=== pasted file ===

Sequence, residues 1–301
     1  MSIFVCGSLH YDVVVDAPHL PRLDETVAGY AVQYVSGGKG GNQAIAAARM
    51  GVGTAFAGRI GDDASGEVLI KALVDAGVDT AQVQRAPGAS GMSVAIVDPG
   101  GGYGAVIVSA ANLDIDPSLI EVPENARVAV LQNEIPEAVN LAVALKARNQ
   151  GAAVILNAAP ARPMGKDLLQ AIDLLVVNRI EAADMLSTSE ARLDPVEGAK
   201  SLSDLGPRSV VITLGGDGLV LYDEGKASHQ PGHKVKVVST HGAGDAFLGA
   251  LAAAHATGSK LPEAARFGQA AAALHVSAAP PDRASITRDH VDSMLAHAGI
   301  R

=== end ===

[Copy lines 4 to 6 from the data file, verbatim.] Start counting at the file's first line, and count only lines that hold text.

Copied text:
   101  GGYGAVIVSA ANLDIDPSLI EVPENARVAV LQNEIPEAVN LAVALKARNQ
   151  GAAVILNAAP ARPMGKDLLQ AIDLLVVNRI EAADMLSTSE ARLDPVEGAK
   201  SLSDLGPRSV VITLGGDGLV LYDEGKASHQ PGHKVKVVST HGAGDAFLGA